The spectre of development looms over Gnaraloo and Red Bluff
The owners of Western Australia's Gnaraloo and Quobba Stations, whose properties border two of Australia's best waves - Tombstones and Red Bluff - face an uncertain future. On June 30 this year all 507 of WA's pastoral leases will expire, and the Government has sent out 503 lease renewals. Gnaraloo and Quobba are among the four stations that haven't received renewals, the others being neighbouring stations. What happens after June 30 will decide what surfers will find when they make the seasonal run up to the north-west.
In 2004 the Western Australian State Government commissioned a report into land use in the state's north-west. The report proposed co-opting land that's currently held under pastoral leases and placing it in the hands of the state.
Despite being wrapped in bureaucratic red tape for over a decade no agreement has been reached with pastoral stations on the Ningaloo coast between Exmouth and Carnarvon. The uncertainty has loomed ominously over Paul Richardson, the owner of Gnaraloo Station. “That process has been a part of my life every day for the last 10 years,” says Richardson with resignation.
It's with good reason that Richardson has been concerned by the governments plans. He always suspected the findings would be used to justify a “land grab” and Richardson says his suspicions are coming to pass.
On June 30 this year every pastoral lease agreement in WA will expire. The State Government sent out lease renewals to over 500 leaseholders late last year but Richardson is yet to receive his. Likewise, the owners of neighbouring Ningaloo, Warroora, and Quobba Stations, all coastal stations on the Ningaloo coast, are yet to receive theirs.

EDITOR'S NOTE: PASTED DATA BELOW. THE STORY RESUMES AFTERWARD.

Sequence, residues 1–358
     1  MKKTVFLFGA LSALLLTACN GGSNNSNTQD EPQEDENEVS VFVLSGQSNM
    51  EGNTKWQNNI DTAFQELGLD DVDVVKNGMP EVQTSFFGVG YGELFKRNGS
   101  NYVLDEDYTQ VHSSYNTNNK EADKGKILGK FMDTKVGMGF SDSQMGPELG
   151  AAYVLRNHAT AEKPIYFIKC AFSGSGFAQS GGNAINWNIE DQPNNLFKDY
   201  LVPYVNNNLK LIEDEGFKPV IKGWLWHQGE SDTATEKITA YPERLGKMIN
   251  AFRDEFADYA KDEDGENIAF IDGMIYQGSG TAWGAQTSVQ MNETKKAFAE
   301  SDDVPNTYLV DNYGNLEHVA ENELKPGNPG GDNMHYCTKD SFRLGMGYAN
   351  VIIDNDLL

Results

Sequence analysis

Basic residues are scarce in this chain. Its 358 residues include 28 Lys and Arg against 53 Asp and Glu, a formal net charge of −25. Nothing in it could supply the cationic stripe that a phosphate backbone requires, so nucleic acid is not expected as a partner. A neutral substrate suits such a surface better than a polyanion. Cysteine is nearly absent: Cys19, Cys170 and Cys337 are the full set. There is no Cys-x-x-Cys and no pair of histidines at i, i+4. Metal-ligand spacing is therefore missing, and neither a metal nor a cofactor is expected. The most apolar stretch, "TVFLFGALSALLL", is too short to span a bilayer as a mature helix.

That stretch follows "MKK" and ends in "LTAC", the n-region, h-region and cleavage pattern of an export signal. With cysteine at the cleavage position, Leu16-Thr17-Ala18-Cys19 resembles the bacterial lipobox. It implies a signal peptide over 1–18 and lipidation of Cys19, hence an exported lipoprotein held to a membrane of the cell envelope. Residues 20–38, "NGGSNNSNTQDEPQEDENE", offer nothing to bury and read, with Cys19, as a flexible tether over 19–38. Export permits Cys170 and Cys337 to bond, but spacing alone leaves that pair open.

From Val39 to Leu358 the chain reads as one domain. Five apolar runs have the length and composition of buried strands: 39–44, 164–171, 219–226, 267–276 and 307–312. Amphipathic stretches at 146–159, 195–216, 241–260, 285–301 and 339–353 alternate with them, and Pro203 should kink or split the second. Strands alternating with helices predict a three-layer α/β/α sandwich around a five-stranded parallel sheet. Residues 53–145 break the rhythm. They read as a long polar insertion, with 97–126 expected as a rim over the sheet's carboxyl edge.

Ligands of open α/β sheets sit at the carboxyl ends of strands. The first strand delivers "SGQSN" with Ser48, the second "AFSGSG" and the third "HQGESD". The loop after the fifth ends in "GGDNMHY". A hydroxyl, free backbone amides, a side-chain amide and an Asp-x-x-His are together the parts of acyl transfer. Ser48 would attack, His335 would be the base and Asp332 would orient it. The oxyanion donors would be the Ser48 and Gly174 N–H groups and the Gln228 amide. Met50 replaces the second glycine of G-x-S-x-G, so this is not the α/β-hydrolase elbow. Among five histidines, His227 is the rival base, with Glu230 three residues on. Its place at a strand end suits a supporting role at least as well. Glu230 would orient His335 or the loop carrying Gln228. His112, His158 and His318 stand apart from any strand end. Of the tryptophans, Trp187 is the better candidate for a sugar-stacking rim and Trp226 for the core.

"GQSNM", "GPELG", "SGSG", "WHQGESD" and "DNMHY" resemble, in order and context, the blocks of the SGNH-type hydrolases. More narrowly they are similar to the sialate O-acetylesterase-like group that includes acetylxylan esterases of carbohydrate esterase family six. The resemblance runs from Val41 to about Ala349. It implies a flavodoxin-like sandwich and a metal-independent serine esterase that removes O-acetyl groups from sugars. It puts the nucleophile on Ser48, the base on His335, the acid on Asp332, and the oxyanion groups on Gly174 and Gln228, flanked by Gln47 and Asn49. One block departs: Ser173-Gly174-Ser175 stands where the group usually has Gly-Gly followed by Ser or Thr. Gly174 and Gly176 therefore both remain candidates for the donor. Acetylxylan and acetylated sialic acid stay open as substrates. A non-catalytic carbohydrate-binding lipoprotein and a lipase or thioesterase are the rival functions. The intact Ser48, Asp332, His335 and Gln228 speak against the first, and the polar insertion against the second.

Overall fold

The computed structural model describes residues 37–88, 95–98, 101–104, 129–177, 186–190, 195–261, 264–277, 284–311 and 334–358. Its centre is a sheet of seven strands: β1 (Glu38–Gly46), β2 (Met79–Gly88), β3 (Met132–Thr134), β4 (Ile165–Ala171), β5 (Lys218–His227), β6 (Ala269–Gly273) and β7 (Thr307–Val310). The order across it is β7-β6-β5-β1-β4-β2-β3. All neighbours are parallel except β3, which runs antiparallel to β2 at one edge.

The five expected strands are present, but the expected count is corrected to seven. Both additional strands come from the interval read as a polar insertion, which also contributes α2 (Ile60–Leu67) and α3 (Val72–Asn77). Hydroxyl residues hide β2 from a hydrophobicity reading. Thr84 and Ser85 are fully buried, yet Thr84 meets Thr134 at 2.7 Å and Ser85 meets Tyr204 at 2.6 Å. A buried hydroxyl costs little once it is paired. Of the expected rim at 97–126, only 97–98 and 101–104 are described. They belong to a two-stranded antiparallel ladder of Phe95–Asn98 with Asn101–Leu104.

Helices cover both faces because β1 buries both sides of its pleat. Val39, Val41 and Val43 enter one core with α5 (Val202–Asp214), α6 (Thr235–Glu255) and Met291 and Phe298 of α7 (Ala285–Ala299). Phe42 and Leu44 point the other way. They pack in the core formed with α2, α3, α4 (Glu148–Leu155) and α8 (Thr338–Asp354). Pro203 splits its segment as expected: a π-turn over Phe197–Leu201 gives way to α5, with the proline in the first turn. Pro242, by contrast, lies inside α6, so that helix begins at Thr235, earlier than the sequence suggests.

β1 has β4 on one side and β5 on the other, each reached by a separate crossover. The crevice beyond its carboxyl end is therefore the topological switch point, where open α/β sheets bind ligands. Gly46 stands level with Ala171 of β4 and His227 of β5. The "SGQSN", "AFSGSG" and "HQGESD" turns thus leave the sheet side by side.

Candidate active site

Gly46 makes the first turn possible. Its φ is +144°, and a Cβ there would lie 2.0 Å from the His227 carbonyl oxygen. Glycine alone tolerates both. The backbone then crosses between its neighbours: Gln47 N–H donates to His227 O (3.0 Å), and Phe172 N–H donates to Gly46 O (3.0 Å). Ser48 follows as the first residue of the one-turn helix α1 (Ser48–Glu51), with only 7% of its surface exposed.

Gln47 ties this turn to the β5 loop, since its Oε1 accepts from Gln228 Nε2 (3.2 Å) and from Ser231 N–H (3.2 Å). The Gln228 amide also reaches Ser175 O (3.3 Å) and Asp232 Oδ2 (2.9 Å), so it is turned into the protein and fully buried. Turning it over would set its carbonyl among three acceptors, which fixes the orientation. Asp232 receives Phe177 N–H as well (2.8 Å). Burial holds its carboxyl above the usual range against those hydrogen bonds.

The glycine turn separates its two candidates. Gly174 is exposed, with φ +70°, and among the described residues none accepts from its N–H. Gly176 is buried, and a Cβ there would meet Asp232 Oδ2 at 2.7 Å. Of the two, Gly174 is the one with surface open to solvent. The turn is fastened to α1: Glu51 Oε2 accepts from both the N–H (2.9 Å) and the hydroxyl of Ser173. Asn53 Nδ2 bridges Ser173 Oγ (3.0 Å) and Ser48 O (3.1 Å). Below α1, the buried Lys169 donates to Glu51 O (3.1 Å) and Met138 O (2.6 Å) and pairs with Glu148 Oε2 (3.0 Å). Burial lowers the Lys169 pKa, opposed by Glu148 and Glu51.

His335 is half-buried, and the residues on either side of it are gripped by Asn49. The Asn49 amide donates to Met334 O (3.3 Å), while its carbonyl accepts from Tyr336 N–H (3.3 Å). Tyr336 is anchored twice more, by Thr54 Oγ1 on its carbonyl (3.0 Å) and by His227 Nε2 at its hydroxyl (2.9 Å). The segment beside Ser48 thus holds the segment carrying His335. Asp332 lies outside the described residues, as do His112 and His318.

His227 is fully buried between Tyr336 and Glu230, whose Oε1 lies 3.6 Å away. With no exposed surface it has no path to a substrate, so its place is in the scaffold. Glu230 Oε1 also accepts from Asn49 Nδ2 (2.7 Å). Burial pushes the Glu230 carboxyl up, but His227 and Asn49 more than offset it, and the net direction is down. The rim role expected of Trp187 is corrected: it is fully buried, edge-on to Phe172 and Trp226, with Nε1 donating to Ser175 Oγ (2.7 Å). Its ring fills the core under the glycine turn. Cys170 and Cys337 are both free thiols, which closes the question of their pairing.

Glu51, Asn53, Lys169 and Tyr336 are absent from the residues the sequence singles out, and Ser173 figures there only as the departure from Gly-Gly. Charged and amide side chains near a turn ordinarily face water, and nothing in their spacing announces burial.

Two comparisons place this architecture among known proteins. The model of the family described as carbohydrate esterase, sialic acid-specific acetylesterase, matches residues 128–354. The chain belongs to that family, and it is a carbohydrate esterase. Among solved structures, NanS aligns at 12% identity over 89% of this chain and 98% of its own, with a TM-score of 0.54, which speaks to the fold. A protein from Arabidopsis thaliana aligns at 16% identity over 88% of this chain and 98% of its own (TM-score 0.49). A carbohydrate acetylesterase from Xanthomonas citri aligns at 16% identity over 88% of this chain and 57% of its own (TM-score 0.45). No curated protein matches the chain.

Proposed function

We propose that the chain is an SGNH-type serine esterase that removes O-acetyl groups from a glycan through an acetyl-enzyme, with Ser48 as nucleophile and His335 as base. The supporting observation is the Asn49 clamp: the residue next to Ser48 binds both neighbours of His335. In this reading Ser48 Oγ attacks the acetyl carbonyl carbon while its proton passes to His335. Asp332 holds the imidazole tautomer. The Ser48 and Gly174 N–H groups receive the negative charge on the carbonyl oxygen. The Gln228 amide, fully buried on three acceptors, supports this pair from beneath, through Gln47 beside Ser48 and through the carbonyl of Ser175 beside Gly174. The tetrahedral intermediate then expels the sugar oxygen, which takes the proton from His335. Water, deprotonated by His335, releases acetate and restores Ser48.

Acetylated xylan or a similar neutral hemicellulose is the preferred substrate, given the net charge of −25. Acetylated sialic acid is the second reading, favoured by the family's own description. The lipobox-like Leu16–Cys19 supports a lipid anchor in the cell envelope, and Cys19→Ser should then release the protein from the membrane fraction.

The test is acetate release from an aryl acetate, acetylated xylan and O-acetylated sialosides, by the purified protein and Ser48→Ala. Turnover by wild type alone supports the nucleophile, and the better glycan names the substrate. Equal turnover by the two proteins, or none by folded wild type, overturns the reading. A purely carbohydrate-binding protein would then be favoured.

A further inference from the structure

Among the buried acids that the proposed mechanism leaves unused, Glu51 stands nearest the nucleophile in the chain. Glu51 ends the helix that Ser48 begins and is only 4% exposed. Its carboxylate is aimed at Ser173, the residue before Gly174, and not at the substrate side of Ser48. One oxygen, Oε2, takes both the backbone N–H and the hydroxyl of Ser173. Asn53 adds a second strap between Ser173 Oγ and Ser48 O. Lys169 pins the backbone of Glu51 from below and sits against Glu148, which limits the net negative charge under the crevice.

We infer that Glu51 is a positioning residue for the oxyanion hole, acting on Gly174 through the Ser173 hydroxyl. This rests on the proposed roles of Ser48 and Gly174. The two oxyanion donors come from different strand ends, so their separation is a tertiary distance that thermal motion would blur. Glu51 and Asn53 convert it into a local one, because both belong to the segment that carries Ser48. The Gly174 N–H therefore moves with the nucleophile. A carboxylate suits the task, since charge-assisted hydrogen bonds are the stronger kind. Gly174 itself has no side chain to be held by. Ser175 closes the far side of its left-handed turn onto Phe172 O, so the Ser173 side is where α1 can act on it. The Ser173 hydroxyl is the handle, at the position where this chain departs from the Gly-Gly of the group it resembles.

For ten years Richardson has maintained Gnaraloo at zero cost to the Western Australian taxpayer. And the environment on the 220,000 acre station is in excellent condition. Amongst other examples, Richardson cites the monitoring, management, and protection of the largest mainland rookery for loggerhead sea turtles – an endangered species. The turtle work, and also work done under the Gnaraloo Feral Animal Control Program, is internally managed and paid for by Gnaraloo Station Trust.
Like the owners of the nearby stations, Richardson says his careful management is borne out of responsible stewardship. The result is a landscape very close to its natural state.
“When you come up here to surf it is a wilderness experience and adventure,” says Richardson. “What the Government has planned will change and ruin the very reason that people come here in the first place.”
What's on the table is a plan to hand the coastal land over to Government and turn undeveloped portions of the Gnaraloo coastline – land that is that is currently wilderness area - into tourism nodes catering to between 200 and 500 people per night.
In a recent interview with The West Australian, the manager of Ningaloo Station, Phil Kendrick, said Parks and Wildlife, "Want to do glamping development for ecotourism, which is just flavour of the month terminology for putting in $600-a-night tents to cater for the rich and famous.”
Paul Richardson is similarly cynical about developments such as eco-lodges which he says, “Often just amount to commercial tourism development dressed up as offering positive environmental outcomes, but which is more often just green spin.”
He also senses something far more sinister: the possibility of Government selling off or leasing portions of the coastal land to developers for commercial development.
“The Cape Range National Park employs about 40 people. What happens if the government decides they haven't got the funding to manage and adequately resource the extra land on the 260km long Ningaloo coast?” Richardson asks quizzically. He leaves the question hanging a while before answering himself.
“Well, they're going to have to sell portions of the land which will fall out of public ownership. Developers will move in and change this landscape forever. There will be no going back once those changes occur and wilderness assets will be lost for good.”
Richardson reinforces the point about how well the land is currently cared for and in so doing repeats a statement he made earlier, “What the Government has planned will ruin the very reason that people come here for.”
Swellnet has contacted Terry Redman, WA Minister for Regional Development but is yet to receive comment.